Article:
e

approximants given by

( j)

= [ j + k=k](1) (2.19)

2k

provided (i) zero divisors do not occur in the construction of the epsilon table; and (ii) the corre-

sponding PadÃ approximants identiÿed by (2:19) exist.

e

Proof. The entries W; C; E in the PadÃ table of Figs. 3 and 4 may be taken to correspond to entries

e

( j’1) ( j) ( j+1)

; 2k ; 2k , respectively, in the epsilon table. They neighbour other elements in columns of odd

2k

( j) ( j+1) ( j) ( j’1)

index in the epsilon table, nw := 2k’1 ; ne := 2k’1 ; se := 2k+1 and sw := 2k+1 . By re-pairing, we

have

(nw ’ sw) ’ (ne ’ se) = (nw ’ ne) ’ (sw ’ se): (2.20)

By applying the epsilon algorithm to each term in (2.20), we obtain the compass identity (2.18).

With our conventions, the approximants of type [˜=0] lie in the ÿrst row (m = 0) of the PadÃ e

table. This is quite natural when we regard these approximants as MacLaurin sections of f(z).

However, it must be noted that the row sequence ([˜=m](1); ˜ = m + j; m + j + 1; : : : ; m ÿxed)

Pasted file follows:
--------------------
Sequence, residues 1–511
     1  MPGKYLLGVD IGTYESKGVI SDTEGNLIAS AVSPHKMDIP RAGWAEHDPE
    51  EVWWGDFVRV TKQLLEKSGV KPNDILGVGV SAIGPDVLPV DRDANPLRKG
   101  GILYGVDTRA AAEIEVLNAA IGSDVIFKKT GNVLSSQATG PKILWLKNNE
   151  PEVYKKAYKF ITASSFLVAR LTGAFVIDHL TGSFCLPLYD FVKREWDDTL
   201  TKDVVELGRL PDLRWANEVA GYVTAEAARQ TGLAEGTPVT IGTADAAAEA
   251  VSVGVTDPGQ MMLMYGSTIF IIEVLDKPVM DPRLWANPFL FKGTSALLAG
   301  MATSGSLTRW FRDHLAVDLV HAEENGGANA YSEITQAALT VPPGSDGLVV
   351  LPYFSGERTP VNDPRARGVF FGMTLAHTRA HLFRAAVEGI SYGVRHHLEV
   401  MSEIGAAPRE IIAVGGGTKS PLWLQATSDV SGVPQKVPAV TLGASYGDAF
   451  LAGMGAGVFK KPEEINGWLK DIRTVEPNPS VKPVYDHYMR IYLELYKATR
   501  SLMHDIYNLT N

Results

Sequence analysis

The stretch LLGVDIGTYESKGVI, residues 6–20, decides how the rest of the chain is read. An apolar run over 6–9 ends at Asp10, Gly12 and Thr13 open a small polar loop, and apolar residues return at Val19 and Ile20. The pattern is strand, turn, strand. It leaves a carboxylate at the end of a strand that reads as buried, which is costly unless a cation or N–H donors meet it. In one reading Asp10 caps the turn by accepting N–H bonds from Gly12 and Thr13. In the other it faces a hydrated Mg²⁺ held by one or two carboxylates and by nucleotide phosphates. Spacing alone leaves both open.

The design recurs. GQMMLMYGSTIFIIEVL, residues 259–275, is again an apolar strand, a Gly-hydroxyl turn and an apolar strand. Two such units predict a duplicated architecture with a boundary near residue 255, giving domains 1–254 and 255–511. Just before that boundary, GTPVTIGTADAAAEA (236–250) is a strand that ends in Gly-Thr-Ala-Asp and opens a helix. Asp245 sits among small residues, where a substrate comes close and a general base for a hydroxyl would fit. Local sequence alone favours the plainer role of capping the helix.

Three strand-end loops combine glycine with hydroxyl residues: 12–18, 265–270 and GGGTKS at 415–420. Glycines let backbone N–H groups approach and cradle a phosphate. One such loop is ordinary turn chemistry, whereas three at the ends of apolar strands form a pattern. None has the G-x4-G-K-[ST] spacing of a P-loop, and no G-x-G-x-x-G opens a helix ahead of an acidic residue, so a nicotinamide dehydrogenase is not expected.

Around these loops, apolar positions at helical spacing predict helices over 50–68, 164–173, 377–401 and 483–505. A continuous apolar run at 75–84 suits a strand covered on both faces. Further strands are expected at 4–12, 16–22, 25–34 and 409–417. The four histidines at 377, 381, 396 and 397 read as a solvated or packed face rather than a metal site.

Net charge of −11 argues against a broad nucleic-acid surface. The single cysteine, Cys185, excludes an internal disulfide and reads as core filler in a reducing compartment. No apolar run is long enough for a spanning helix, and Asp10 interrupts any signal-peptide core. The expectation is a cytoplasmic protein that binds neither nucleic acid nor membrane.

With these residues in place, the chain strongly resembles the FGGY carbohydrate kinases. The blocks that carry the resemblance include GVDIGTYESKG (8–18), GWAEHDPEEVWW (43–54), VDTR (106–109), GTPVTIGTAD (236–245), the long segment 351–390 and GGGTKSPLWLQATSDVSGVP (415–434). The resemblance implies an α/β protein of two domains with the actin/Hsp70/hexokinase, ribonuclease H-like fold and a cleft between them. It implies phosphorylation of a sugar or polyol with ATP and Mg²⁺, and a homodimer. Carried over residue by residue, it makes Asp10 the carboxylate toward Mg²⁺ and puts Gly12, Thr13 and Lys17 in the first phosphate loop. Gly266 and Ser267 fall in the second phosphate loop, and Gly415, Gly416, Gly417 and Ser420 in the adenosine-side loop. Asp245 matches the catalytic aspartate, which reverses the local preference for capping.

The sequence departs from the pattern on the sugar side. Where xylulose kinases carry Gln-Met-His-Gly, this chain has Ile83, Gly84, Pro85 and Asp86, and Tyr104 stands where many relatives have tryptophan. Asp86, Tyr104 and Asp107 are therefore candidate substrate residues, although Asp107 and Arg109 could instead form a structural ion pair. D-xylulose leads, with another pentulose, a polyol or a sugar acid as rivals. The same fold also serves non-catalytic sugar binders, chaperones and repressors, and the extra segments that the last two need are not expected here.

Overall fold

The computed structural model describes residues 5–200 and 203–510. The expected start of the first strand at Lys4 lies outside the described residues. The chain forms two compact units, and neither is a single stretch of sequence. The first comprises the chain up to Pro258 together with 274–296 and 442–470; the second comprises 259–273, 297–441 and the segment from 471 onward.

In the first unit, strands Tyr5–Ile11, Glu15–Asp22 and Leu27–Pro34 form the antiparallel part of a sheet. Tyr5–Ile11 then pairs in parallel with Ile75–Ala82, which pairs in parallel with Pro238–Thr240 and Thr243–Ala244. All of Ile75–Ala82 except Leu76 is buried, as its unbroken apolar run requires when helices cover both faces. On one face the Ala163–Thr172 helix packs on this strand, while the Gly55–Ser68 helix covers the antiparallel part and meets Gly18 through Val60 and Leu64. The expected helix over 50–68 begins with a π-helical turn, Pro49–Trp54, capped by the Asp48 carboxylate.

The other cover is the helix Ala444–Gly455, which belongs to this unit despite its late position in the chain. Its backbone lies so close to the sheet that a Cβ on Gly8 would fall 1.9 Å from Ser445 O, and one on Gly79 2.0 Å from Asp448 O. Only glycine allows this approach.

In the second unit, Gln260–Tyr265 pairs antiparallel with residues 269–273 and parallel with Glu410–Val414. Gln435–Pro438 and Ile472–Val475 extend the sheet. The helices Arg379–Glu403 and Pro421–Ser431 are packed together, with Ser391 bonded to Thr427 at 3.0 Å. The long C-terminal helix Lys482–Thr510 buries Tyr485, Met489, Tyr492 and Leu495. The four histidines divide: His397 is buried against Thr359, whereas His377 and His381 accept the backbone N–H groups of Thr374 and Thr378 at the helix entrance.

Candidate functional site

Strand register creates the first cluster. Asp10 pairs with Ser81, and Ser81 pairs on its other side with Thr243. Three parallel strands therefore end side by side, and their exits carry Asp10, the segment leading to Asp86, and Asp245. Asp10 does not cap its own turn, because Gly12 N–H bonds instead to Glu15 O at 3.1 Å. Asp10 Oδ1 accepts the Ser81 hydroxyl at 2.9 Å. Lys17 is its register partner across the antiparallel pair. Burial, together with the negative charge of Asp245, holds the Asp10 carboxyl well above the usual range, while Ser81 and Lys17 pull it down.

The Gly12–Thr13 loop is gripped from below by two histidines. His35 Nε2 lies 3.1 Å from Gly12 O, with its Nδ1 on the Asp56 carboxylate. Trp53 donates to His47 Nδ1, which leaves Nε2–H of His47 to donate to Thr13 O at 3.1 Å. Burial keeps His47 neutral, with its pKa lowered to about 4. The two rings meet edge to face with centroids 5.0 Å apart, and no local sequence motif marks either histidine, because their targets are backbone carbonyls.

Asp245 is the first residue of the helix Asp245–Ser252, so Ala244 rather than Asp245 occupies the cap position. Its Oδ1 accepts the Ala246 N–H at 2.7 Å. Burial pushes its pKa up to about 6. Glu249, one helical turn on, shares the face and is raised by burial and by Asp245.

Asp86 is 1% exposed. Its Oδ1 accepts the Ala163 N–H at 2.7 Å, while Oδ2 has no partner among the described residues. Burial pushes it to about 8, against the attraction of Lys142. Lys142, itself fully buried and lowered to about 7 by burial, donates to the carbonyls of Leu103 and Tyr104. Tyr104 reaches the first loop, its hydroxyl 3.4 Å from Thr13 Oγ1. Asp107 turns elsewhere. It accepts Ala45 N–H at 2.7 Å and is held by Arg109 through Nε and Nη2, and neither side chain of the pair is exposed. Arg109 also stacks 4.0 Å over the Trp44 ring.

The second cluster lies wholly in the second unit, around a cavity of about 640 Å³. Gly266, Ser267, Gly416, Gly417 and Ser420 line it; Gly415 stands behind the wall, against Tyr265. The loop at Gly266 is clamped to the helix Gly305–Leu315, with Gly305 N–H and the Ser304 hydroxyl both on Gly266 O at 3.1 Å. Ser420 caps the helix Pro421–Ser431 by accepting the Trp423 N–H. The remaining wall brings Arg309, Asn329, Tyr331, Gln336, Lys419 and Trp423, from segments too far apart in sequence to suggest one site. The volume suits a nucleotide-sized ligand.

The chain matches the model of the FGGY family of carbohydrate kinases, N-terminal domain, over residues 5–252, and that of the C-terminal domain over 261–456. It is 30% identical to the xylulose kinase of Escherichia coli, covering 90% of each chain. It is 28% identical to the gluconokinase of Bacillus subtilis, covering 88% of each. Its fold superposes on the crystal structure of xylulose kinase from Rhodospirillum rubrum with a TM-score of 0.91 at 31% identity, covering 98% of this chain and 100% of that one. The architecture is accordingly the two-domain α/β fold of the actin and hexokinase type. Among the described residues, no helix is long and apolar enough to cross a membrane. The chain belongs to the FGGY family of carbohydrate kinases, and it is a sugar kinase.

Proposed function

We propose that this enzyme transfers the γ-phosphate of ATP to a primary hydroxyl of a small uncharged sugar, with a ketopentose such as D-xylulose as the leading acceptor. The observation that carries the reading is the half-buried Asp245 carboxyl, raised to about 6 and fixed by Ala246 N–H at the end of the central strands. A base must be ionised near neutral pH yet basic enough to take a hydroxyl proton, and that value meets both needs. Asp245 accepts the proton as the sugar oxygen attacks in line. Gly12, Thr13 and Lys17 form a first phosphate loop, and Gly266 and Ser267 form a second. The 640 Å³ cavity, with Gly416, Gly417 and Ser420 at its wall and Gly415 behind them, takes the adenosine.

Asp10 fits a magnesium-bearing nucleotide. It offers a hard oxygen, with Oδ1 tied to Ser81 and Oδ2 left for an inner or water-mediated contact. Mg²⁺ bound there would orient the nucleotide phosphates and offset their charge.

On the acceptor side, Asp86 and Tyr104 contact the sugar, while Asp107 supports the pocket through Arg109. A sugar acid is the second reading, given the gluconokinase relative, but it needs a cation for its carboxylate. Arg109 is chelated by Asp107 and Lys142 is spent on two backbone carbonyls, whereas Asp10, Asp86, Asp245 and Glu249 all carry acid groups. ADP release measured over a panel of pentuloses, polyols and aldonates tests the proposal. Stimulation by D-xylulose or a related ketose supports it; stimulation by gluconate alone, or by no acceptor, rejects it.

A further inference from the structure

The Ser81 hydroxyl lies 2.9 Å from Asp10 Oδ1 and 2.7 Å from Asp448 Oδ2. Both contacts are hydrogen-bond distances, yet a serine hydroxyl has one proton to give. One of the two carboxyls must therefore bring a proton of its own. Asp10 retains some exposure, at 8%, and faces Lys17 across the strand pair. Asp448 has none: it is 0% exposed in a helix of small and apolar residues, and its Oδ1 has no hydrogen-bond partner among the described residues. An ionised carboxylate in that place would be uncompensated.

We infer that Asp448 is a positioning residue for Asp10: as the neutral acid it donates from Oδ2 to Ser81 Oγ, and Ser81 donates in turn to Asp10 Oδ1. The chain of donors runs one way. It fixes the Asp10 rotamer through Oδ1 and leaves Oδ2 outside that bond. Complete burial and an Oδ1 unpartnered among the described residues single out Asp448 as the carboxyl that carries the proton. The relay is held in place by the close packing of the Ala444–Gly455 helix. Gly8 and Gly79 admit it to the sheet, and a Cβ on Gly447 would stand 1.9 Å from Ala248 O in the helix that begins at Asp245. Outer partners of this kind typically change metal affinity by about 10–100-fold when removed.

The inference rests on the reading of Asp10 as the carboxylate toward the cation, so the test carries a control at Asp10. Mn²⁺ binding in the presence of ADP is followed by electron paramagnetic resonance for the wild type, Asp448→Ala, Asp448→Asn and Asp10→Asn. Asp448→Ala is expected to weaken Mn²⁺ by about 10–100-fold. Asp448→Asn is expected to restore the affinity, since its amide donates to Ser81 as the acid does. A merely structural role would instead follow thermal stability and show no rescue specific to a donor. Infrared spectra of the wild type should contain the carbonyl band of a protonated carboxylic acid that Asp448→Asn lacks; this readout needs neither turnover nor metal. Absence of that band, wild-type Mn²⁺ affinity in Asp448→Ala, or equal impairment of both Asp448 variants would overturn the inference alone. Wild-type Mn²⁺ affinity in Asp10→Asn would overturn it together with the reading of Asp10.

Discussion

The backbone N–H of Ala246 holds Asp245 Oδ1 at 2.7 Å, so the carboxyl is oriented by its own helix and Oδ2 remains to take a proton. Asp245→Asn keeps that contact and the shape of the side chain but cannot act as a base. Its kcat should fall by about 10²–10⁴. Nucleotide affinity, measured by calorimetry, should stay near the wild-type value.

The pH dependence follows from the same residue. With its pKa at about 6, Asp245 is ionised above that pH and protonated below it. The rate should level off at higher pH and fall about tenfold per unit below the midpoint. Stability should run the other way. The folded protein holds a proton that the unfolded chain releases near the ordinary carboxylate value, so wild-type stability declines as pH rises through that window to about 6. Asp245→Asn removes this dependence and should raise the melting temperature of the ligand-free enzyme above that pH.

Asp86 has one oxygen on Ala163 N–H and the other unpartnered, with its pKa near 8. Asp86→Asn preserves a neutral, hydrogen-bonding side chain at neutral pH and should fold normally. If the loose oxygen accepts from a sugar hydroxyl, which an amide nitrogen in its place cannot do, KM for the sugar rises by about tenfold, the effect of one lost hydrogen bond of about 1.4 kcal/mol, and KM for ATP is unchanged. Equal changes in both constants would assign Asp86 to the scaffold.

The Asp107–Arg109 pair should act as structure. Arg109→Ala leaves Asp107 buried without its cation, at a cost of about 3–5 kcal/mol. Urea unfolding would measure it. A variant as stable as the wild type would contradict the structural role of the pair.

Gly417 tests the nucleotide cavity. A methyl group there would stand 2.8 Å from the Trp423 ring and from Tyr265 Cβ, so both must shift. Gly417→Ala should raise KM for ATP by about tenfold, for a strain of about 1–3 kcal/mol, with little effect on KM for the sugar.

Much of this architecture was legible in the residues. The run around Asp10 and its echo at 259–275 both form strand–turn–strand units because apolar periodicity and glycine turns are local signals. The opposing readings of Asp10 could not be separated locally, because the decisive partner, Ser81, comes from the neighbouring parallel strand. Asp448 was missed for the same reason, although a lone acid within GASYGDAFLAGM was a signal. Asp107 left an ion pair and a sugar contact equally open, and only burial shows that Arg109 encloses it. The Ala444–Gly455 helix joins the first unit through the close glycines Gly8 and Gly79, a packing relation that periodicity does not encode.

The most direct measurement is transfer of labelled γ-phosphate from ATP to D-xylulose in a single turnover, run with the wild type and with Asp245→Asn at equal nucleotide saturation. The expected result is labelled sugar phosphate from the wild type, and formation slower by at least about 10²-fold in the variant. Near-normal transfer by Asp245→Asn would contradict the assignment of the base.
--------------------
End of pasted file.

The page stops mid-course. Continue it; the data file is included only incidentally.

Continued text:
( j)

corresponds to the column sequence of entries ( 2m ; j = 0; 1; 2; : : : ; m ÿxed); this identiÿcation follows

from (2.19).

A key property of PadÃ approximants that is an axiom of their deÿnition is that of accuracy-through-

e

order, also called correspondence. Before PadÃ approximants were known as such, attention had

e

rightly been focused on the particular sequence of rational fractions which are truncations of the

58 P.R. Graves-Morris et al. / Journal of Computational and Applied Mathematics 122 (2000) 51“80

continued fraction

c0 za1 za2 za3

f(z) = ··· : (2.21)

1’ 1 ’ 1 ’ 1 ’

The right-hand side of (2.21) is called a C-fraction (for instance, see [36]), which is short for

corresponding fraction, and its truncations are called its convergents. Normally, it can be constructed

by successive reciprocation and re-expansion. The ÿrst stage of this process is

1 ’ c0 =f(z) a1 za2 za3

= ··· : (2.22)

1’ 1 ’ 1 ’

z

By undoing this process, we see that the convergents of the C-fraction are rational fractions in the

variable z.

By construction, we see that these convergents agree order by order with f(z), provided all ai = 0,

and this property is called correspondence.

Example 2.2. We truncate (2.21) after a2 and obtain

A2 (z) c0 za1

= : (2.23)

1 ’ 1 ’ za2

B2 (z)

This is a rational fraction of type [1=1], and we take

A2 (z) = c0 (1 ’ za2 ); B2 (z) = 1 ’ z(a1 + a2 ):

Provided all the ai = 0, the convergents of (2.21) are well deÿned. The equality in (2.21) is not

to be understood in the sense of pointwise convergence for each value of z, but in the sense of

correspondence order by order in powers of z.